A study of stability of the catheters as a function of time is effected by a measurement of the antibiotic activity of the catheters stored for two months. The antibiotic activity is determined in vitro by the method of KIRBY-BAUER. The portions of catheters are implanted vertically in a gelose inoculated by inundation with a selected germ (Staphylococcus aureus, Escherichia coli, Micrococcus lutea, Enterobacter cloacae, Serratia marcescens . . . ) After inoculation, overnight at 37 the inhibition diameters are measured, compared to those of the uncoated catheters and standard chlorhexidine catheters.
It has thus been demonstrated by causing to vary the antibiotic concentrations (for example the pefloxacine), that the fixation is dose dependent.
STUDY OF RELEASE OF THE ANTIBIOTIC
Extraction of the antibiotic in a buffered solution which is renewed to determine the liberation of the antibiotic in case of liquid renewal.
In vivo study
Pieces of catheters coated with pefloxacine are implanted intraperitonealy according to an infection model on a catheter. After emplacement of the catheters, the infection is provoked by injection of an inoculum of Staphylococcus aureus variable according to experiments. This inoculum is injected either 24 hours after emplacement of the catheters, or just after this implantation. After 24 and 48 hours, the mice are sacrificed, the catheters are removed, treated by sonication, trypsin to loosen the adherent bacteria and cultivated on gelose to enumerate their bacterial contamination. Concomitant removals are effected: liver, spleen and blood.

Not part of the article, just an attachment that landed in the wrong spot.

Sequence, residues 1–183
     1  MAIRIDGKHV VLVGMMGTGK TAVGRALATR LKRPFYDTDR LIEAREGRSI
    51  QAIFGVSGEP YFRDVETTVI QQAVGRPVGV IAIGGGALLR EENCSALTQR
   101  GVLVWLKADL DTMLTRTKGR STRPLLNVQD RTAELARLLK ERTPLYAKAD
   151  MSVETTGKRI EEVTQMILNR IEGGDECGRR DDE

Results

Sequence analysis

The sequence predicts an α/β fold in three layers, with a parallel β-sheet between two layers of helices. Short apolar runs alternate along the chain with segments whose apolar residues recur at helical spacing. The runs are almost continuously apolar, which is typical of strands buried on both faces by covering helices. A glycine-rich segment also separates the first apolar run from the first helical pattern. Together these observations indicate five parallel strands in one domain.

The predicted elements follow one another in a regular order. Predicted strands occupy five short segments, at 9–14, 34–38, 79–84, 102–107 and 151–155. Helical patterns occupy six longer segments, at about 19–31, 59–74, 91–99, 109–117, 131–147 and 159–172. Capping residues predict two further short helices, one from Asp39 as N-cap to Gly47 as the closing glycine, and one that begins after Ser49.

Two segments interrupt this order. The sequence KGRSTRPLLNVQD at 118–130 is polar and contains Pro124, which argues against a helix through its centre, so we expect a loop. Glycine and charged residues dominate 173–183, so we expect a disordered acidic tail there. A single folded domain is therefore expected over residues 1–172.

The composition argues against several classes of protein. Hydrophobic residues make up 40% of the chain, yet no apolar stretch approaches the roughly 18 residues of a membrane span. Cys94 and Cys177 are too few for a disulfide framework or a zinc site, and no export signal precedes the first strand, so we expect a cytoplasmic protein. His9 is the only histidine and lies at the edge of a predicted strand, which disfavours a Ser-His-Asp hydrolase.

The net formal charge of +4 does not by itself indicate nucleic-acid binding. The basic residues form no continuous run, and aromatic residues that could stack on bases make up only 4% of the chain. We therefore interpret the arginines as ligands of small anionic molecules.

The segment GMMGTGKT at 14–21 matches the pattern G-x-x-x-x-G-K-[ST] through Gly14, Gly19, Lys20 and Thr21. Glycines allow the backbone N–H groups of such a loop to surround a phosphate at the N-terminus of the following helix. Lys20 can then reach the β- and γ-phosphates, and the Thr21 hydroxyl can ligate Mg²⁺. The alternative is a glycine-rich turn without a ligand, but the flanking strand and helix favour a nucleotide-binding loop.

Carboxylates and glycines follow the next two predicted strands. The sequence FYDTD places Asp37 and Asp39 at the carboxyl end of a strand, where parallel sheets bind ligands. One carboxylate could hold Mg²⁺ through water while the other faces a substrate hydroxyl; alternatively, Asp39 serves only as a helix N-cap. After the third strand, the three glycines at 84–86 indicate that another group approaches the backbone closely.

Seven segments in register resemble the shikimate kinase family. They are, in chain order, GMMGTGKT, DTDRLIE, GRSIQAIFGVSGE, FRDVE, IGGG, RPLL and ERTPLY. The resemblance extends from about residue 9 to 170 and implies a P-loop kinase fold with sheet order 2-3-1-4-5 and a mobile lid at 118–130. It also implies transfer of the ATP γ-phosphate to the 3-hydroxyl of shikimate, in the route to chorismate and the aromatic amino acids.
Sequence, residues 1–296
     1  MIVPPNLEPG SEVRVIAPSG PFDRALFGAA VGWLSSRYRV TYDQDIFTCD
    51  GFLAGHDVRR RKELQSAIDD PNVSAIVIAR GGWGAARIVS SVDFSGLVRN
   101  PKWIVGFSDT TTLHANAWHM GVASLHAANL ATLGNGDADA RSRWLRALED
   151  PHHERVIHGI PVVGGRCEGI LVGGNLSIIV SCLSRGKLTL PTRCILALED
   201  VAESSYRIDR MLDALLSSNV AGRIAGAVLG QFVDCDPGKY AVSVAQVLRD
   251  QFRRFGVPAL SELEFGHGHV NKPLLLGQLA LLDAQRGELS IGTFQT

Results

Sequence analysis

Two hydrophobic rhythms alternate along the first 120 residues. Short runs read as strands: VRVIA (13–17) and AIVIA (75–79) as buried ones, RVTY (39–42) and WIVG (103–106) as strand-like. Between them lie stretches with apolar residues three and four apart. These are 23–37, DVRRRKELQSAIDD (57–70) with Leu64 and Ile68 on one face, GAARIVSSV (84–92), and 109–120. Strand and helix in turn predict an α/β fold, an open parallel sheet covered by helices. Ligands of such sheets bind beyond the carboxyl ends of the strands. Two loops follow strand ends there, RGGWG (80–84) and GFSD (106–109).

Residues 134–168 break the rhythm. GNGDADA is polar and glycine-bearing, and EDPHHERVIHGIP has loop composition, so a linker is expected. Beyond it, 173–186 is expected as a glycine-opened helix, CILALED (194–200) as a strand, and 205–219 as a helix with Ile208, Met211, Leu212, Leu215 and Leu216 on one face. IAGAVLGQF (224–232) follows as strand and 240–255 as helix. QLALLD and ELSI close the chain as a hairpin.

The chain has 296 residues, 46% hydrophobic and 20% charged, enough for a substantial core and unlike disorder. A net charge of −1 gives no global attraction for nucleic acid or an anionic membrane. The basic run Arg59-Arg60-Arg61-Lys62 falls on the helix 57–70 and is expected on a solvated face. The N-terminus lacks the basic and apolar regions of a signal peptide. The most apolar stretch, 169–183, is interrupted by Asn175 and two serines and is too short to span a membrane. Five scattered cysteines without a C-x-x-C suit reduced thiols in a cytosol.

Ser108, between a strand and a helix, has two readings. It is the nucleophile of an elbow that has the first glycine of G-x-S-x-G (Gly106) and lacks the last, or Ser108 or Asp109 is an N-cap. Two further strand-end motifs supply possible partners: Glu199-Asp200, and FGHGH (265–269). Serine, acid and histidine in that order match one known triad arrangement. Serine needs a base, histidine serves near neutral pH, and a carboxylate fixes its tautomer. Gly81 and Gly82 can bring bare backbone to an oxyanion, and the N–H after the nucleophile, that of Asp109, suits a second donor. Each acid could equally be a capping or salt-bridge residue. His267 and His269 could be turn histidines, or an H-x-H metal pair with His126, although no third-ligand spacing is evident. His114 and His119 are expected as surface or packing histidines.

These experiments are carried out relative to standard groups of mice in which are implanted catheters to which antibiotic is not fixed.
In the elution liquids of the catheters, are provided the present antibiotic dosages as well as the removed catheters; the residual antibiotic is dosed by direct implantation of the catheter in the gelose.
c) Study of fixation on metallic implants:
Pieces of metal (steel or titanium alloy constituting examples of materials used for metallic protheses) are fixed with pefloxacine under the same conditions, then tested by implantation of the specimens in the gelose.
d) Studies of the fixation on suture filaments:
After fixation according to the same procedures, the dried filaments stored for 15 days to two months are tested for their antibiotic activity on geloses seeded with various germs and this relative to uncoated control filaments or having fixed thereon only chlorhexidine.
I--RESULTS WITH MICROTITRATION PLATES
Fixation of pefloxacine
The plates are first incubated overnight at ambient temperature with chlorhexidine (CH) at concentrations of 0.2%, 1%, 2% and 10% in distilled water, ethyl alcohol and methyl alcohol. Certain ones are washed and dried, others simply washed before distribution on the portion of the plate of pefloxacine with variable concentration.
The results showed the influence of washing the plates after the time of fixation of CH and before the antibiotic, on the antiadherent activity relative to the acinetobacter, showing that the fixation is more efficacious if washing is not effected before impregnation with the antibiotic. Variable concentrations of chlorhexidine are studied. The results of the antiadherent activity of the pefloxacine, on sensitive germs and resistant germs, show the greatest activity is obtained with a chlorhexidine concentration of 10%.
II--EXUDATION OF THE PEFLOXACINE FIXED ON THE CATHETER
The catheter impregnated with a solution containing 10% of chlorhexidine and with a solution of 2 g/l of pefloxacine is placed in 1 ml of buffer. The concentration of pefloxacine in the buffer is measured after 1 and 24 hours of incubation at 37 initial buffer is removed and then a dosage is effected after incubation at 37 experiment permits showing that it is possible to let the antibiotic diffuse into the medium from the catheter. This diffusion is effective from 1 to 24 hours.